Things may be going great, so why change them? You know the old saying: if it ain't broke, don't fix it.
But there's another point of view too: who wants to become ossified? The biggest nightmare for me would have been to end up like the teacher described to me by someone I know. He said he obtained a job as a teacher in the school he attended as a child, and in the classroom next door he could hear his old history teacher dictating the same set of notes as he'd done 20 years before.
If that strikes as much dread in you as it did me, then read on for a few simple ideas to try now.
Start the lesson with a five minute quick-fire oral test. It’s a really good way of getting the adrenalin flowing. In the students I mean!
... and checking
Check understanding. There really is no point in hurtling headlong in a desperate rush to “deliver” the curriculum on time. Indeed, the very expression “deliver the curriculum” epitomises what’s wrong with that approach. Teachers aren’t postmen; they’re not supposed to “deliver” anything. If you take the analogy further, the postman may deliver something to me, but I don’t have to open it: “delivery” is a very one-sided process. You will only know if you’ve taught something (as opposed to merely “delivered” it) by checking whether students have understood it. Sorry if that is too obvious for words, but often because of (misguided) pressure that part of the equation gets left out. You could build this in to the 5 minute test idea, or something similar, as long as you make sure that every student answers.
Hand part of the lesson to the students. For instance, have students work in pairs to research an ICT-related issue outside lesson time, and then give a five minute presentation on it in a lesson. For younger pupils, you might ask them to find examples of technology in everyday life, and then talk about them.
Introduce a new resource
Spend a few minutes introducing the students to a new website, eg a safe place where they can obtain clip art to use in their work, or from which they can download ready-made code.
Revise, review and recap
Spend a few minutes going over what was covered in the previous lesson (time pressures mean that this is not always done). You might want to ask a student or two to take the lead – especially if you have a system of classroom scribes in place, whereby a student blogs what was covered in the lesson, on a rota basis.
Use students' blogs, if they have one
If students have their own blog, then each lesson one of them could read out their latest post and invite discussion or comment.
Set homework early
If you set homework, set it at the beginning of the lesson rather than the end. Not only will that give you time to make sure everyone understands what they have to do, it will also help the students to understand what they need to do in the lesson in order to be able to do the homework.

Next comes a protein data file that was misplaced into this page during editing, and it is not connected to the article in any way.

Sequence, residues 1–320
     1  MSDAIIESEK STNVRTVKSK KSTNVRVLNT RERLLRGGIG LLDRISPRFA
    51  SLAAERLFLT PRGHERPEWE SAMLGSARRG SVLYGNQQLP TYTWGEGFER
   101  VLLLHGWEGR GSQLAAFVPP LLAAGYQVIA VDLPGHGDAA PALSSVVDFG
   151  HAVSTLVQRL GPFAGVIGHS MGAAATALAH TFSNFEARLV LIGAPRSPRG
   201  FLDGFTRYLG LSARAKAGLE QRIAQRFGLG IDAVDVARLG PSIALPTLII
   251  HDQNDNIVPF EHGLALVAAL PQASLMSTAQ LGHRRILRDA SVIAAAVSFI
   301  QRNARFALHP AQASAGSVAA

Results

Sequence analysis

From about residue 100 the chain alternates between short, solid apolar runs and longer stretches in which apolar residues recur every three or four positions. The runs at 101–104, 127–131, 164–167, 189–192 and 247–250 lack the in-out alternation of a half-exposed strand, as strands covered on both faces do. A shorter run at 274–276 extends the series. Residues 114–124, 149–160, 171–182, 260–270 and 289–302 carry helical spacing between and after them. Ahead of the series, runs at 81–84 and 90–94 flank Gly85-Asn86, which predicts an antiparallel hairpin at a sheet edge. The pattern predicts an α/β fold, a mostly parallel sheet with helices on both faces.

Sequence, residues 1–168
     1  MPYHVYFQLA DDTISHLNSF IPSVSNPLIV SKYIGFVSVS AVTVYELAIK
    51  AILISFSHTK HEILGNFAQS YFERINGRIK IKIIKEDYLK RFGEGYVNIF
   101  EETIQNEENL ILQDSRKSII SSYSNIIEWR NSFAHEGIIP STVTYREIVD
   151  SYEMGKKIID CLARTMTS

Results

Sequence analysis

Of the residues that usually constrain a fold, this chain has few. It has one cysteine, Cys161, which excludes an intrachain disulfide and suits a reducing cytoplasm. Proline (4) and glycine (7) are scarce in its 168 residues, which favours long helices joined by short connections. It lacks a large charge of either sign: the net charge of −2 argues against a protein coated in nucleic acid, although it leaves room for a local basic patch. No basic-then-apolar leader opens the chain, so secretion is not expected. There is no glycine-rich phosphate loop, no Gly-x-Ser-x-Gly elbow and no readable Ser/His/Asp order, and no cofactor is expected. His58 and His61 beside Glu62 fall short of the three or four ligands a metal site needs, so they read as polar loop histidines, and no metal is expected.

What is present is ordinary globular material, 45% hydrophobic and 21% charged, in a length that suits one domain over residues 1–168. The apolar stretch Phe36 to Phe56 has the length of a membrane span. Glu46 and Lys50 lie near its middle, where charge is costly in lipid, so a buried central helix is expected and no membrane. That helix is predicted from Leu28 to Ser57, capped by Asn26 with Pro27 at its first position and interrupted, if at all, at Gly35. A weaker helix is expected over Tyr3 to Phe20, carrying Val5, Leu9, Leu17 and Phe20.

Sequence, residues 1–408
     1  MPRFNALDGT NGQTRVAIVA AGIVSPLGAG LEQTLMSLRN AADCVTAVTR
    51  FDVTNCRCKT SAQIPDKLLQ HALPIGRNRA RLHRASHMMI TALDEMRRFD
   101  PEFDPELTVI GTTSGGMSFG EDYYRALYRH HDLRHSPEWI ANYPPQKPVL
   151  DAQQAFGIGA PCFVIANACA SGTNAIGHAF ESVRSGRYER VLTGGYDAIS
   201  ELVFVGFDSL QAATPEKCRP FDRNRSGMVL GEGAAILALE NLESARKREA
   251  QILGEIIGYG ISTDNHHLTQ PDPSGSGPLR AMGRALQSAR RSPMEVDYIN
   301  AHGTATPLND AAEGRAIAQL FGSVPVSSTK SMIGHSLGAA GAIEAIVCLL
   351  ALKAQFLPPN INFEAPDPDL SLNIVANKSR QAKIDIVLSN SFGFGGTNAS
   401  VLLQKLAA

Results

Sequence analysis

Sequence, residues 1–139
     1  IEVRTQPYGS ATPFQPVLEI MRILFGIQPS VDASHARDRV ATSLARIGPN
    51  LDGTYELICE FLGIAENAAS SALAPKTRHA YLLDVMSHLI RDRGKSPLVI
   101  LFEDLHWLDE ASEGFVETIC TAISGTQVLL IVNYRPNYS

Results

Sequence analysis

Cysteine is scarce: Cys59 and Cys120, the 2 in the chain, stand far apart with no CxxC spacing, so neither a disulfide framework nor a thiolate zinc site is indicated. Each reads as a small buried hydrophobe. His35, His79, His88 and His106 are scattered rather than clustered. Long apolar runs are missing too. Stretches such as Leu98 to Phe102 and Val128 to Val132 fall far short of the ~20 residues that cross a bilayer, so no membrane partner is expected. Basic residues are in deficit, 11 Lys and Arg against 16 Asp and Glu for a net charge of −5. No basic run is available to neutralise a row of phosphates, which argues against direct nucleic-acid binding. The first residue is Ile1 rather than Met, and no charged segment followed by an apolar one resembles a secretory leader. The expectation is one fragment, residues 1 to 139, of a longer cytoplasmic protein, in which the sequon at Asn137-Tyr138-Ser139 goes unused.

Use a different technology
I believe in shaking it up a bit to see what happens, and to keep kids flexible. If they're used to using a laptop, get them to see what they can get out of a tablet. Or ask them to do a different sort of work altogether and use a camera.
This needs to be done in a way that doesn't jeopardise their chances of completing their work on time, but sometimes students refrain from using different technologies because of a lack of self-confidence, and that's what needs to be addressed.
Use no technology
Speaking as one who was once timetabled for half of my Computer Science timetable in a room with no computers, I can say with authority that not using technology can be extremely worthwhile. It enables you to focus on the theory rather than get distracted by trying things out or testing whether or not they work. Those things can be done later.
Writers often do this sort of thing, or a variation of it. By disconnecting from the internet, or having the willpower to ignore it, you can get a lot of writing done. Facts and quotes can be checked later.
Discuss the news
Allocate the first 10 or 15 minutes of the lesson to a discussion involving current affairs. Wait! I know what you’re going to say: there’s no time! Well, I subscribe to several news compilers, such as Flipboard and Scoopit, and I read newspapers too, and there is a relevant news item in at least one of those sources every day. If you want to make sure that students can see the relevance of what you’re teaching them, and what they’re having to learn, you can’t do much better than incorporating current news into your lessons.
On this subject, I've started to introduce a new occasional series of articles called Computing Discussion Topics, each of which centres on a recent news item. There are several of these in the forthcoming issue of Digital Education.
This is by no means a definitive list, just a few suggestions to think about. I hope you find them useful. You can always ask your students to come up with a few ideas too!